Robin Follette writing on self-reliance

Rural Maine is beautiful when the snow falls, covering everything but the evergreens in 100, sometimes 200, inches of white. The air is crisp and cold and a new way of homestead living kicks in.

We preserve plenty of food for this time of year but there is still opportunity to create a fresh meal…and get some outdoor activity into the bargain. We take to the woods, water, and even the garden when we start to get a little cabin fever and want a change in our diet.


Shooting Self-Reliance


Snowshoe hares will wipe out our garden quickly if the population isn’t kept under control. By late fall, they’re almost entirely white to blend in with the winter snow. It takes a sharp eye to see them at a distance after snow blankets the ground.

I follow tracks along the edge of trails and through thickets in hopes of “bumping” one into motion. I don’t usually catch up to a speedy hare in the woods but if it takes a turn into an open area I stand a chance of making a good shot.

When the snow is too deep to walk through, I’ll back into the evergreens and watch along the edge of a field at dawn and dusk. Hares move in the open most often at night in winter. A quick shot with a .22 caliber rifle ends the hunt. Hare in hand, I return to the house with two meals for the two of us.


Ice fishing Self-Reliance


Ice fishing can be the easiest – or most frustrating – means of putting fresh food on our winter table. We fish with tip-ups – wood or plastic frames that hold a spool of fishing line with a hook and bait. Each hole drilled in the ice holds one tip-up. The auger, a small net to catch bait fish from the insulated bait bucket, extra fishing line and hooks, and a scoop to clear ice from the drilled hole are loaded into a sled. When there’s enough snow to ride through the woods we pull the sled behind a snowmobile. Otherwise, we pull it by hand as we walk on snowshoes.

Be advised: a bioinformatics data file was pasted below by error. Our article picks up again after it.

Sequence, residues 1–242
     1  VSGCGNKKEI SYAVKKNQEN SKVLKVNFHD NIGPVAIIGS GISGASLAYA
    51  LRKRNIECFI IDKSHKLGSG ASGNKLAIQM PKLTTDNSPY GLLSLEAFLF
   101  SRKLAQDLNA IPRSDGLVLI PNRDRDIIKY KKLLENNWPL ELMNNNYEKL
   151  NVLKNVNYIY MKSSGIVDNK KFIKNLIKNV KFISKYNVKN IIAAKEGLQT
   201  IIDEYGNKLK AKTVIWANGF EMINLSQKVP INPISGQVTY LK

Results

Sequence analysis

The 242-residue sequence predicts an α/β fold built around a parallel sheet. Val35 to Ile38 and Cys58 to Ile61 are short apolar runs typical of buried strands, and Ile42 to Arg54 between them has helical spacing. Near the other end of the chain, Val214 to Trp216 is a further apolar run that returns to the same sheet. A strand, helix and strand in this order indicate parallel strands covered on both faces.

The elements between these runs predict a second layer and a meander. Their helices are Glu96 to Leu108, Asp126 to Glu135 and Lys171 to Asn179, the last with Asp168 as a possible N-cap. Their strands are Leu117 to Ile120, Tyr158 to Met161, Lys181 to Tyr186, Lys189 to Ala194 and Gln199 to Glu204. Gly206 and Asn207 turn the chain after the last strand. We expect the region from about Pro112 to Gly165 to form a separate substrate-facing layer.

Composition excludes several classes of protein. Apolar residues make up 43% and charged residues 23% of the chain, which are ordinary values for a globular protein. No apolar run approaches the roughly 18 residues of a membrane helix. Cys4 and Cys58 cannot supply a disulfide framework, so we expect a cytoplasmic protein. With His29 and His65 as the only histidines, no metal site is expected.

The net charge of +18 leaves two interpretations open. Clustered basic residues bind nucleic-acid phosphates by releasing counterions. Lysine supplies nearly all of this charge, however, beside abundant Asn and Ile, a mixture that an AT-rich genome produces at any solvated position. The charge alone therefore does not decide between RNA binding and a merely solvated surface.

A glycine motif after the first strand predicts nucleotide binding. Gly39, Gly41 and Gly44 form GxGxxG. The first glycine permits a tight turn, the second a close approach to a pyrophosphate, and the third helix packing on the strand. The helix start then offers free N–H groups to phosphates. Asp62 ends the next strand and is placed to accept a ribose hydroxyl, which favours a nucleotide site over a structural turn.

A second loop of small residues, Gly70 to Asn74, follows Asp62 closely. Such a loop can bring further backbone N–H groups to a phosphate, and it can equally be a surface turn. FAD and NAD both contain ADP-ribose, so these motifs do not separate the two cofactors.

My husband, Steve, drills the holes and I follow behind him. I set up the tip-ups by unfolding them, tightening the wingnuts that hold the cross arms in place, and baiting the hook. The bait, a live fish, is lowered through the hole and into the water to swim.

We wait for a fish to eat the bait and tug on the hook as it swims away. The fish line pulls on the flag’s flexible post, setting it free to spring up. We pull the fishing line up hand over hand, slowing when the fish is visible to avoid hitting the fish on the thick ice. Bass, salmon, trout, perch and cusk are our favorite fish. I make seasoned filets to grill or pan fry, and chowder.

Winter Vegetables

Vegetable tunnel Self-Reliance


Fresh greens, a mixed salad, or roasted root vegetables are a satisfying side to our fresh hare or fish. One of the best things on our homestead is a 1,000-square-foot-high tunnel we use to grow and harvest fresh vegetables year round. The tunnel is made of heavy steel and is rooted a foot or more into the soil. It’s a permanent greenhouse of sorts, used to grow plants in the soil rather than pots. The ground freezes eight to 12 inches inside the perimeter but stays thawed and warm enough to support plants the rest of winter. On a sunny, windless, 30 F day in winter the temperature inside the tunnel will rise to 80 F for an hour or two.

From mid-December through January the plants are dormant but tasty. I cut the outer, larger leaves of arugula, tatsoi, bok choy, spinach and kale. I grate six-inch-long carrots and small purple turnip – sweet after their tops have been frosted overnight for weeks – into a salad.

A fresh salad harvested hours before the start of a blizzard is a reminder that bitter cold weather is only temporary…and spring is on its way.

Editor’s note: Robin Follette is a hunter and homesteader in Maine, who chronicles her experiences in the blog, A Life in the Wild.

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